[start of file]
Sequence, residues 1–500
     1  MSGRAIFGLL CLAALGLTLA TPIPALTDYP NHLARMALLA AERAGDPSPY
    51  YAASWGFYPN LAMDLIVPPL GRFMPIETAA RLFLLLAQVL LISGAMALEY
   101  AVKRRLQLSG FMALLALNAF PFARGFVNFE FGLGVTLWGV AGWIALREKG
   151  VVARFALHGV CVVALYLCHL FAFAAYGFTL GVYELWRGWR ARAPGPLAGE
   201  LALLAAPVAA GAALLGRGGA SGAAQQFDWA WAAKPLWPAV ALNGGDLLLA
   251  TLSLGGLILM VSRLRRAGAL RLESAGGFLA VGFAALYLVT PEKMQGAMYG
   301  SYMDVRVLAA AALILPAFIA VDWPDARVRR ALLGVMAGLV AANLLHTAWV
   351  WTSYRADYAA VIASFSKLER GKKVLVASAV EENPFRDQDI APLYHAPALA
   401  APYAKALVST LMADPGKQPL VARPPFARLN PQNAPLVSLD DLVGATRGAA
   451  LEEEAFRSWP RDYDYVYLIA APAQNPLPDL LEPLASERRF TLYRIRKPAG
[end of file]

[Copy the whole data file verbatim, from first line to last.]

Sequence, residues 1–500
     1  MSGRAIFGLL CLAALGLTLA TPIPALTDYP NHLARMALLA AERAGDPSPY
    51  YAASWGFYPN LAMDLIVPPL GRFMPIETAA RLFLLLAQVL LISGAMALEY
   101  AVKRRLQLSG FMALLALNAF PFARGFVNFE FGLGVTLWGV AGWIALREKG
   151  VVARFALHGV CVVALYLCHL FAFAAYGFTL GVYELWRGWR ARAPGPLAGE
   201  LALLAAPVAA GAALLGRGGA SGAAQQFDWA WAAKPLWPAV ALNGGDLLLA
   251  TLSLGGLILM VSRLRRAGAL RLESAGGFLA VGFAALYLVT PEKMQGAMYG
   301  SYMDVRVLAA AALILPAFIA VDWPDARVRR ALLGVMAGLV AANLLHTAWV
   351  WTSYRADYAA VIASFSKLER GKKVLVASAV EENPFRDQDI APLYHAPALA
   401  APYAKALVST LMADPGKQPL VARPPFARLN PQNAPLVSLD DLVGATRGAA
   451  LEEEAFRSWP RDYDYVYLIA APAQNPLPDL LEPLASERRF TLYRIRKPAG